People in Durham took to the street Saturday to send a strong visual that they are taking back their streets from drugs and crime.
The group marches to celebrate the progress it has made and to continue the mission.
“We try to do intervention crime prevention, teach our adolescents and troubled youth the answer isn’t just in violence. Sometimes we can learn how to fight with different ammunition,” said Dennis Garrett, founder and director of the House of Love and Respect.
A Department of Justice report issued earlier this year found Durham saw a decrease in crime between 2000 and 2013.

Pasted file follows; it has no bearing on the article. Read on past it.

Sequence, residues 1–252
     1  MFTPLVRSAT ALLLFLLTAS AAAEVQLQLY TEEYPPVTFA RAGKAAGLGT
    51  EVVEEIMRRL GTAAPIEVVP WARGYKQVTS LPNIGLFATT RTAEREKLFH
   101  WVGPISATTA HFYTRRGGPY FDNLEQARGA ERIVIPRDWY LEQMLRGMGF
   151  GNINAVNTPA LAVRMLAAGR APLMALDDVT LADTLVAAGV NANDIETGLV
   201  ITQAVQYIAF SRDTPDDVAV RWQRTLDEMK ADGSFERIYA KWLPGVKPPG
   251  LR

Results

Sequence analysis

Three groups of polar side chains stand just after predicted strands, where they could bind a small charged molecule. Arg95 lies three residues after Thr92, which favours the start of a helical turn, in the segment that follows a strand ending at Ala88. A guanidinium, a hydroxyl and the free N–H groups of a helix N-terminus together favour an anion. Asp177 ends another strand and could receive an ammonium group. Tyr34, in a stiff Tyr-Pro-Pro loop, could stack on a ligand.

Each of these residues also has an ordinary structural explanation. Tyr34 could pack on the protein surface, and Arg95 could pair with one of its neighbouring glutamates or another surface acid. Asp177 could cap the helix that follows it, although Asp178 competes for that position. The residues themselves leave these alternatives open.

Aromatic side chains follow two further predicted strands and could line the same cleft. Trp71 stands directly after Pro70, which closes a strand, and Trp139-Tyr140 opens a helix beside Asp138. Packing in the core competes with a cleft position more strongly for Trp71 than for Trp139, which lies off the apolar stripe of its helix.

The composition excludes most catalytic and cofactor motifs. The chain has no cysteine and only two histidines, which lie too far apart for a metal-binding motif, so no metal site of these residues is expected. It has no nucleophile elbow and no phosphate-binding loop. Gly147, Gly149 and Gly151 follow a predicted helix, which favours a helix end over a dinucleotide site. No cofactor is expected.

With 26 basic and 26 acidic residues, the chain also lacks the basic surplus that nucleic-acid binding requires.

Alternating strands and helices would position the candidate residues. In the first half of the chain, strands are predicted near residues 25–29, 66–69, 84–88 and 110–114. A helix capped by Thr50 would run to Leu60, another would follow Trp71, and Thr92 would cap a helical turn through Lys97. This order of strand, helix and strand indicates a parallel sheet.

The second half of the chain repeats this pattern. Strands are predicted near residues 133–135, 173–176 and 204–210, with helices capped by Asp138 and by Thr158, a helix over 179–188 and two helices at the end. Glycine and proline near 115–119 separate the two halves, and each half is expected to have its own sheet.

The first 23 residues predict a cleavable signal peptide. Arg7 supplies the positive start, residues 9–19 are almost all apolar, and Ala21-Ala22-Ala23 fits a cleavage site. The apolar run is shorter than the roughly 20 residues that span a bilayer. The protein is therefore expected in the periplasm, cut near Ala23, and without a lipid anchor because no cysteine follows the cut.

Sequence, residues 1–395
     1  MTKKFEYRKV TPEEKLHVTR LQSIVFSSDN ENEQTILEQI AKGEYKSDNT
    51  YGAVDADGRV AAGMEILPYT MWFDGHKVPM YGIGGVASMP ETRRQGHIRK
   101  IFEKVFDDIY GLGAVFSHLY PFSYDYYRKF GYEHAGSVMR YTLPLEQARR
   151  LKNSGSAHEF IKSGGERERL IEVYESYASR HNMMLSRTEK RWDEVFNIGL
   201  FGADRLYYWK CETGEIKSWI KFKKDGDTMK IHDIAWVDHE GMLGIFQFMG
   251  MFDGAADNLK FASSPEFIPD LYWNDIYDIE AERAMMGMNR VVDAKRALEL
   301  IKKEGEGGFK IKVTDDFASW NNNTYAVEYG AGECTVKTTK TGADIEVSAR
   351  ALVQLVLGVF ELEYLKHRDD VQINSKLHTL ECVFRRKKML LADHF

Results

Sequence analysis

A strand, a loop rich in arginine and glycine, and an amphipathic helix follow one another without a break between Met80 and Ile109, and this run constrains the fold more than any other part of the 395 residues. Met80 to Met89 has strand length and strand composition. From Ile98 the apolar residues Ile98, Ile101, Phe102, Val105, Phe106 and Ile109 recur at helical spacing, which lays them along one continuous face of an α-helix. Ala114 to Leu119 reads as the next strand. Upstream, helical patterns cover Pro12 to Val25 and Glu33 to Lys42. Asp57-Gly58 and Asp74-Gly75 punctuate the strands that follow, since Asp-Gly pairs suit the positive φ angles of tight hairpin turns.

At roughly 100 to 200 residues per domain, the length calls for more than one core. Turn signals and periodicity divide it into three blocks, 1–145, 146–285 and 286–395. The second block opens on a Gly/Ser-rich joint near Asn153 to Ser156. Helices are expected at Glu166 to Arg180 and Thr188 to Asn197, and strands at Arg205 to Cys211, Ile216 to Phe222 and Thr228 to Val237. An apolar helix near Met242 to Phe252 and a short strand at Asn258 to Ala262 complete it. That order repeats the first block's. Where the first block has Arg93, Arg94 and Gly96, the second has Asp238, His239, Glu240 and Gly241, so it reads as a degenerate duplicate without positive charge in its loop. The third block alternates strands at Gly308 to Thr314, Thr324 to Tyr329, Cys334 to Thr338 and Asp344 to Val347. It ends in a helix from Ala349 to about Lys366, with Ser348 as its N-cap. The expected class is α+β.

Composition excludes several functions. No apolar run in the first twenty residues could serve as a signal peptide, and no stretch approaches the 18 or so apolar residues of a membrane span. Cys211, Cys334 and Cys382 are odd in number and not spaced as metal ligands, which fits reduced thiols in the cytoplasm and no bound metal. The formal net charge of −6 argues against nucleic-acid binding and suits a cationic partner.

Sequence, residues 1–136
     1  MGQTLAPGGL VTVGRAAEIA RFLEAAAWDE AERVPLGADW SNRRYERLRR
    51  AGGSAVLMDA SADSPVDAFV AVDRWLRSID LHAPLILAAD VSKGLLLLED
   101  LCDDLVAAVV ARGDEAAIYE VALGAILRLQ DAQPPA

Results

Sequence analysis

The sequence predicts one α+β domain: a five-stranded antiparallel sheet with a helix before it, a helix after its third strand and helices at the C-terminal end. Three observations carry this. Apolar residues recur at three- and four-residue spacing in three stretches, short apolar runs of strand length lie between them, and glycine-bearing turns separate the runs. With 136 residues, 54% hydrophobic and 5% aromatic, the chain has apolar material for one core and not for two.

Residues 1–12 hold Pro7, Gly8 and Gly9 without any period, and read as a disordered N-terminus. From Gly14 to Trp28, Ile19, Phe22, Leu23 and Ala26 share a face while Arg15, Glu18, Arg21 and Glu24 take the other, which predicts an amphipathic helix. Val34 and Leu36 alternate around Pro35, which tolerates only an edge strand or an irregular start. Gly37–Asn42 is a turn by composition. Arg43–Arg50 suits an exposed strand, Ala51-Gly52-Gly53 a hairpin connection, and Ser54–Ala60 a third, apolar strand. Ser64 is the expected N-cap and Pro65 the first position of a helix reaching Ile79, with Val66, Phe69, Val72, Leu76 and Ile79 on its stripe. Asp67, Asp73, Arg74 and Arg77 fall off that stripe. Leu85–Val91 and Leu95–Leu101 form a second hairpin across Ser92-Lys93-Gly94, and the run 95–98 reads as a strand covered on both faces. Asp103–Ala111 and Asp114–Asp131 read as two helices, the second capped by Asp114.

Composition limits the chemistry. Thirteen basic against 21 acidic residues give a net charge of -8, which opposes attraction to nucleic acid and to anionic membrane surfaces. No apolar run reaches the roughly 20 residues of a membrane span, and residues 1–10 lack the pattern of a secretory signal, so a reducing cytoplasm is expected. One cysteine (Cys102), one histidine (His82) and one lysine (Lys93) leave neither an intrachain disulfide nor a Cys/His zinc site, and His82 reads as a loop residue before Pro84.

But it still had the highest rate of crime among North Carolina cities in 2013.
Not because of an increase in crime but because of progress in those other cities.
Community activists said their work is starting to make a dent here in the neighborhood level of Durham.
The House of Love and Respect has its own stats.
Around 300 people have come through its doors and turned their lives away from drugs, alcohol, crime.
The organization puts together this annual “Take Back the Streets” event in an effort to reach even more people.
“We want to show our neighborhood that it’s not just up to the officers and the police to take our streets back. It’s up to us as individuals to say, ‘No longer,’ ” Garrett said.
This is the thirteenth year for the march.